Is Contested or Uncontested Divorce Right For Me?

Divorce in Washington

Uncontested Divorce

Navigating the process of Divorce in Washington is not easy, and the US has the third highest divorce rate in the world. Due to the complex nature of divorces, the procedure is long, costly, and emotionally taxing. These circumstances frequently lead to lingering resentment between parties, which can make it even harder to reach a swift and positive resolution. It may be extremely expensive and inefficient for both parties to battle against one another unnecessarily during a contested divorce. Filing for an uncontested divorce is one way to handle your divorce more efficiently. If this is the choice you make and is best suited to your situation, our experienced attorneys would be pleased to work with you. We hope to alleviate the stress that comes with divorce and look forward to consulting with you.

Cons of a contested divorce

A contested divorce may take staggering financial expenditures, combined with mental and emotional exhaustion. Between attorney fees, splitting of assets and retirement accounts, and factoring in child and spousal support, a contested divorce can typically cost tens of thousands of dollars, involve more hearings, time commitments, and result in greater hostility between the parties. In the process of settling you may also lose some of your bargaining power over the divorce process due to the strenuous efforts to fight against the other party rather than work with them. Due to the nature of family law, the more hostile and contested a divorce is will result in uncertainty for how the case will resolve. This is due to inherent bias in the court system, emotions taking hold of the parties, and a wide variety of issues that are sometimes unforeseeable. Additionally, it may be extremely inconvenient for you if a judge’s ruling results in a negative impact on your daily life. Ultimately, you could feel that you have little influence over how your case will resolve. In an unpredictable environment, it is often difficult to predict a contested divorce’s outcome, so knowing all your options is important.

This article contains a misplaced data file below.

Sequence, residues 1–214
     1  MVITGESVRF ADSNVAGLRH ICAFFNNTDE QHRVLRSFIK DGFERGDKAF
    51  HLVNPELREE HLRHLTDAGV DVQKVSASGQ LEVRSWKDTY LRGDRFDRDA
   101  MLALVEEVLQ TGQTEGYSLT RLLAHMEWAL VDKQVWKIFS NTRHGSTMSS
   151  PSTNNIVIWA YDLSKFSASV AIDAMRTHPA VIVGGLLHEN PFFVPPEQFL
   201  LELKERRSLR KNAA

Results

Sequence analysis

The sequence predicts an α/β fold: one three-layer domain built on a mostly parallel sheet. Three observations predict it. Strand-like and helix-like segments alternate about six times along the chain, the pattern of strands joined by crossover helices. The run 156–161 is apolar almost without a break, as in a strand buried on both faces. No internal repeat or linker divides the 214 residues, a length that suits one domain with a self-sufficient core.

Pro of a contested Divorce in Washington

In many cases there may be a valid reason to pursue a contested divorce. Some concerns that may prompt a contested divorce include protecting the interests of your children, hidden assets, and other factors like poor treatment within the marriage that may negatively affect a certain party. In filing a contested divorce a judge may rule in your favor to grant certain requests that otherwise may have not been settled in an uncontested divorce. However, filing a contested divorce also poses many risks and no guarantee of success which can lead to a win some-lose some situation.

Cons of an uncontested divorce

While an uncontested divorce may be less difficult, there are factors to consider before making that decision. If there has been a pattern of emotional abuse, domestic violence, or abuse of power in the marriage, you should retain the services of a lawyer in this instance to ensure that the divorce is as fair as possible and to give you safety between you and the other party. Further, uncontested divorces generally don’t require both parties to give and take equitably. It is also almost ever allowed or a good idea to pursue if you have children.

Pros of an uncontested divorce